N.C. Senate minority whip and Chapel Hill native Josh Stein explains the state’s current political climate with an old Jewish proverb.
Howard Kallem believes that UNC must build a response system for sexual harassment charges amid what he called the community’s grieving process.
A public forum was held Monday to give Crystal Coombes, a candidate for the University’s Title IX coordinator position, the opportunity to address her plans for the position.
As Chancellor Holden Thorp prepares to leave office, one of his final actions will be fostering a discussion on the relationship between athletics and academics — one that many hope will continue after his term ends.
This weekend, sophomore Michelle Kern became a national boxing champion just a little more than a year after she first stepped into the ring.
Law students have traditionally had to worry about passing the bar exam — and for the past few years, they’ve also had to worry about finding a job in an increasingly crowded market.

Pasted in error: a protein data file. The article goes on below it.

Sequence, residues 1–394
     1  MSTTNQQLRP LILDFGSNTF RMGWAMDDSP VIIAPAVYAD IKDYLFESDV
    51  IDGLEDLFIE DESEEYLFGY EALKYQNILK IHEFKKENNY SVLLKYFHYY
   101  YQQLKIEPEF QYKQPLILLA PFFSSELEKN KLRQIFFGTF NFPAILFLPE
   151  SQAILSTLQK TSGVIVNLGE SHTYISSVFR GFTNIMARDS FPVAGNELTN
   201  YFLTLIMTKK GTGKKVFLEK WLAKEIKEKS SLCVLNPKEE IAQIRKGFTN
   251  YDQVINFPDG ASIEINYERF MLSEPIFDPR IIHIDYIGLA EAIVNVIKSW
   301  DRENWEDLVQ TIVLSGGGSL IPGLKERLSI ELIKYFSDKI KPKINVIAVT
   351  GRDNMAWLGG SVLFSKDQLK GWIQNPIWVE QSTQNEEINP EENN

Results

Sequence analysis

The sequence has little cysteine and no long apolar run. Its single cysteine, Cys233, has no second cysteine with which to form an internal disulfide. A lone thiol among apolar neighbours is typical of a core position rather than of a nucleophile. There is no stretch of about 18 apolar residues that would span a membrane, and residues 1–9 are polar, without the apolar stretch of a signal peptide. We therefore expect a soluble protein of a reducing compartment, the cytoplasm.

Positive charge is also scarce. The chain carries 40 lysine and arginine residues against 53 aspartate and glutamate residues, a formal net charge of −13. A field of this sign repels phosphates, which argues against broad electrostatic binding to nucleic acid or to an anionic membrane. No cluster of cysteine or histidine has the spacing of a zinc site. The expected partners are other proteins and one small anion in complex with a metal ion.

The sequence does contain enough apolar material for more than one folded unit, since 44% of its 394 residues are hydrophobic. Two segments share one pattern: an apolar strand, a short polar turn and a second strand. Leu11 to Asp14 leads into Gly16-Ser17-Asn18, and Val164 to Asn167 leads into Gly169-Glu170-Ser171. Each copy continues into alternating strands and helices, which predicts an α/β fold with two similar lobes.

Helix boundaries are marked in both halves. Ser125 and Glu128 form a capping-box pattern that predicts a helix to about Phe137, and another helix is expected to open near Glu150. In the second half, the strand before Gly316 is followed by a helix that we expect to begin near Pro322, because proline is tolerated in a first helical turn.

As his tenure came to an end Tuesday, former Student Body President Will Leimenstoll sat down with Daily Tar Heel staff writer Trevor Casey to reflect on his time in office and what he learned from the position.
Students from around the Atlantic Coast Conference are gathering in Washington, D.C. today to represent their schools’ interests directly to members of Congress.
In an unexpected outcome, Christy Lambden was elected student body president in a runoff election Tuesday, winning 55 percent of the vote and defeating Will Lindsey.
The Internet has been changing the world since it’s creation, but its effects on American politics were at the forefront of the conversation in the Halls of Fame room in Carroll Hall yesterday. Assistant Professor Dave Karpf of George Washington University delivered a presentation on his new book, “The MoveOn Effect: The Unexpected Transformation of American Political Advocacy.” Karpf began the book as a dissertation project seven years ago. “So the first word was written in 2006, but that word also changed 18 times before it went to the publisher,” said Karpf. The book examines ways in which the Internet and political action groups that originated on the web have changed the way Americans interact in the political system. John Cluverius, a third year graduate student, said he found the presentation especially interesting. “It’s good to see academic work that follows political developments in the world so closely,” Cluvius said.
Game day shirts? Check. Running shorts? Check. “Duke Sucks”? Definitely a check. UNC Student Stores is the go to stop for all UNC student needs.